A story was told about then Germany’s youngest concert promoter who was organizing a jazz piano concert. After all the promotions and logistics have been considered, the day of the concert came. The featured artist arrived at the opera house venue with much disappointment. The staff at the venue misunderstood some of the instructions about the piano that was needed for the event. What they had available, however, was horrible – the piano was in very poor condition, most of the keys were out of tune, the keys on the lower octave were very sticky and the pedals didn’t work properly. The featured artist refused to perform simply because of the horrible piano. It took much convincing from the concert promoter to finally get him to reconsider. It took hours to re-tune the horrible piano until it was time for the concert.
The show was completely sold out. And despite all of the limitations and disappointments with the primary musical instrument, the performance was very well received by the audience. The featured artist was American jazz pianist Keith Jarrett and the performance recording went on to become the best-selling solo album in jazz history and the all-time best-selling piano album – The Köln Concert
When You Don’t Have The Appropriate Resources
One of the questions I asked in my blog reader survey last year was about the top 3 challenges that they face at work. It’s been almost a year since I had that survey up. Although the results have slightly changed from the last time I took the survey, the theme remained the same – not enough. Here are the top 3 challenges that my blog readers face at work.
- Inefficient/outdated tools and technologies
- Not enough training/learning opportunities
- Poor planning
I bet you can relate. You want to try out the latest and greatest version of SQL Server to see how you can improve your operational efficiency. But you’re still on SQL Server 2005. And you can’t upgrade just yet. You wanted to implement a better monitoring tool so you can be proactive with your work as a SQL Server professional. But you don’t have any budget for that yet. You feel like you’re engaged in battle in the digital age armed only with pen and paper. You’re not alone. There are other SQL Server professionals out there like you who feel the same way and are in the exact same situation.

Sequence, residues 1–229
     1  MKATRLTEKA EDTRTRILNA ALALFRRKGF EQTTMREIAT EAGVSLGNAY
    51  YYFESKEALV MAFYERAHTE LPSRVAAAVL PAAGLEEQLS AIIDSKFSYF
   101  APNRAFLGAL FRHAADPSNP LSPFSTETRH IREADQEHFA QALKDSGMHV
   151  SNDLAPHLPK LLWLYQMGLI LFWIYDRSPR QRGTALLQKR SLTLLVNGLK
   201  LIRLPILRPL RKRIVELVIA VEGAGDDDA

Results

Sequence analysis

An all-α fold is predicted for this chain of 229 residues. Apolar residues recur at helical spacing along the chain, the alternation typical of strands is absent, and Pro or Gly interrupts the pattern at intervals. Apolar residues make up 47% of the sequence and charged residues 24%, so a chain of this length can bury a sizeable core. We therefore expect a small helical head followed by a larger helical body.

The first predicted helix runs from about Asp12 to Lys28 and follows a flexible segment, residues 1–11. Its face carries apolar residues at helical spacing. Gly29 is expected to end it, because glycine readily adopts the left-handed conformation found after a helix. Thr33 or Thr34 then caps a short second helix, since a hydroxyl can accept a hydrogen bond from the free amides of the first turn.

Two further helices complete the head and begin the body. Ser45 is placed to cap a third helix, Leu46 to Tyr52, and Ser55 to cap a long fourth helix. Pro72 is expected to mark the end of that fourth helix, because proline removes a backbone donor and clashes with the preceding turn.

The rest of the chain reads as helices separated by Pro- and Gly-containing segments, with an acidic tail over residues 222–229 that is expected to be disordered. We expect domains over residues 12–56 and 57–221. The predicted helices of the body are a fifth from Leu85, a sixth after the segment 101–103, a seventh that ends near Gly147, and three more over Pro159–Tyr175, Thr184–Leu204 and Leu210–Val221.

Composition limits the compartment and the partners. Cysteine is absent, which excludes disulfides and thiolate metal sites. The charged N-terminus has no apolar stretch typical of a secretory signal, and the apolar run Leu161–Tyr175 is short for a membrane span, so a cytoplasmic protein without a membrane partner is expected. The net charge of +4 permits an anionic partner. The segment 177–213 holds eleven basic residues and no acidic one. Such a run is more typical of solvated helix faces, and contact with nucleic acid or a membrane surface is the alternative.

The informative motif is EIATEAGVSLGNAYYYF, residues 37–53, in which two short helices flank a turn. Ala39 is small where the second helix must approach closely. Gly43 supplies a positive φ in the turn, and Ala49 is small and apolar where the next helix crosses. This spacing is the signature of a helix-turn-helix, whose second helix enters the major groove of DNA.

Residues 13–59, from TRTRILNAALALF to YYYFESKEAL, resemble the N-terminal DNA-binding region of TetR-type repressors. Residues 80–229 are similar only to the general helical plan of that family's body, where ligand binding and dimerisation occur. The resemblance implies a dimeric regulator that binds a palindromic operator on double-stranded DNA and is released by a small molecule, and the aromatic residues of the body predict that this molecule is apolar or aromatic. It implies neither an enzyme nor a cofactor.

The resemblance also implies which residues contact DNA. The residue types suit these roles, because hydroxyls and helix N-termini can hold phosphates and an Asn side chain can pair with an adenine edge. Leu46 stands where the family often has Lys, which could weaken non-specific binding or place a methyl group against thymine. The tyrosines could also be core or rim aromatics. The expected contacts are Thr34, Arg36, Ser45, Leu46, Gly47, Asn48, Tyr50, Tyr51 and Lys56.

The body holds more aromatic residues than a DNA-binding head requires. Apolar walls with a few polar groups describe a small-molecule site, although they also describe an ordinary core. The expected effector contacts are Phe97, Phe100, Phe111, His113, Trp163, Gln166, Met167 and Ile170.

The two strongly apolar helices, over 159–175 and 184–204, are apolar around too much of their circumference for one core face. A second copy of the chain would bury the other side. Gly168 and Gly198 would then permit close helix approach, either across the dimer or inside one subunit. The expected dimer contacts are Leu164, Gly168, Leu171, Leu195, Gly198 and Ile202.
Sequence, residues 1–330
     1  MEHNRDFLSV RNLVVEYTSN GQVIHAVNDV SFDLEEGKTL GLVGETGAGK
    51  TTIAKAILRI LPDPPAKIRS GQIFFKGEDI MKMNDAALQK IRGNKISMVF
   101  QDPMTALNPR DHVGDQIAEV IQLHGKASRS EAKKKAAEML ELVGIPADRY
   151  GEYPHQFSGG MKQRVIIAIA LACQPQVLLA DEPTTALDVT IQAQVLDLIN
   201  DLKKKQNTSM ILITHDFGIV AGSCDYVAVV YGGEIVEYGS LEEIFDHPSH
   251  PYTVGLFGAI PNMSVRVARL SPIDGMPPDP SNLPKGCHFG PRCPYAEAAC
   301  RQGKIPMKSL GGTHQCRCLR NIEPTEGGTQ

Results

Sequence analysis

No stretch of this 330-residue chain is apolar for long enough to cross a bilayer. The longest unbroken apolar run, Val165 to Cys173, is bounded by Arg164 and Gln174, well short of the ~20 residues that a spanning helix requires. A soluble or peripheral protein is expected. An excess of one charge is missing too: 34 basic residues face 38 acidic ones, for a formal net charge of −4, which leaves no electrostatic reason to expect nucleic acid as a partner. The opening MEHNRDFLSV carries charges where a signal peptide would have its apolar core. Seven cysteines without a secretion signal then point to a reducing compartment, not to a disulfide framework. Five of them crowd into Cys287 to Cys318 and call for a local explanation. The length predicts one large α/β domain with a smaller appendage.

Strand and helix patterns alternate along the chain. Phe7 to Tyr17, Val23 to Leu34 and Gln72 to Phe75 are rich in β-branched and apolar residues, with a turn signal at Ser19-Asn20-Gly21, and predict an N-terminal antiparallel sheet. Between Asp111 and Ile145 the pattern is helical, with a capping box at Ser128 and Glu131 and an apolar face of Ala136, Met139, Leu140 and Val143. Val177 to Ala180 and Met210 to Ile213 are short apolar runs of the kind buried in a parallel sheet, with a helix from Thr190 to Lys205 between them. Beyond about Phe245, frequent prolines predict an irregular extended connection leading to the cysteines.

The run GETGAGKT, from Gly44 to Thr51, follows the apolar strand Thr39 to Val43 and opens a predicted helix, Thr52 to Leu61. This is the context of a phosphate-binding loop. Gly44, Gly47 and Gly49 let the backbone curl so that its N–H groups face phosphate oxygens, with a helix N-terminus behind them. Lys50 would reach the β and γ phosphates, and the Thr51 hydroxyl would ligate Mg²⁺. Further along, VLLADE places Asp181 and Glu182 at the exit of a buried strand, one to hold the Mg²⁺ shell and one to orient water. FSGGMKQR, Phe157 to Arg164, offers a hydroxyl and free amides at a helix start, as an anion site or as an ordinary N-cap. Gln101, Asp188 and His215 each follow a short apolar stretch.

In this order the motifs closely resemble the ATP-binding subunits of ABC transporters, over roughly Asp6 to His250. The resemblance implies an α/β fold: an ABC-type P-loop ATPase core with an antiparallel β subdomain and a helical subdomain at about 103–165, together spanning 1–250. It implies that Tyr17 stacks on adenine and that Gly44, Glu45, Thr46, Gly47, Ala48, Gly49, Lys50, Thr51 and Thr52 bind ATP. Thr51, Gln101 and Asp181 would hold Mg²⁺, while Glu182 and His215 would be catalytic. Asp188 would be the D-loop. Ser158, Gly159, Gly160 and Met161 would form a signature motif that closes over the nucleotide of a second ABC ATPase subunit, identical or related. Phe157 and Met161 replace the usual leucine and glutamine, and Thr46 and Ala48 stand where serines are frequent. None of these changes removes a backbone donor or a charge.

The Blessing in Lack
One of the things that I tell my customers whenever I get called into consulting engagements is “maximizing what we have.” I help them go thru the process of evaluating what they currently have and make the most out of it – not buying something, not upgrading, not acquiring – before even considering additional purchases. This not only saves them money but it also helps them exercise their creative muscles while developing teamwork. I guess it’s something that I’ve learned growing up in a third-world country where not having everything that you need forces you to “make lemonade out of lemons.” We got to make toys out of tin cans and create art with dirt. There is something about not having enough resources that forces you to think outside the box. And when most people complain about not having enough, I get forced into being creative – even in the area of dealing with SQL Server issues.
- when SQL Server 2000 Standard Edition didn’t support log shipping out of the box
- when we didn’t have a software auditing tool for the enterprise
- when I needed to check SharePoint databases according to best practices
Don’t get me wrong. I am a big believer in making sure that we have the things that we need to get our job done – the latest tools, enough training opportunities, the right resources. But the reality is that resources are finite – time, talent and treasure (finances.) But what we do have is the opportunity to exercise our creative muscles to solve problems daily. It’s just a matter of changing the way we think about the concept of “not enough.”
Question: Can you share how you creatively dealt with the lack of resources in your organization?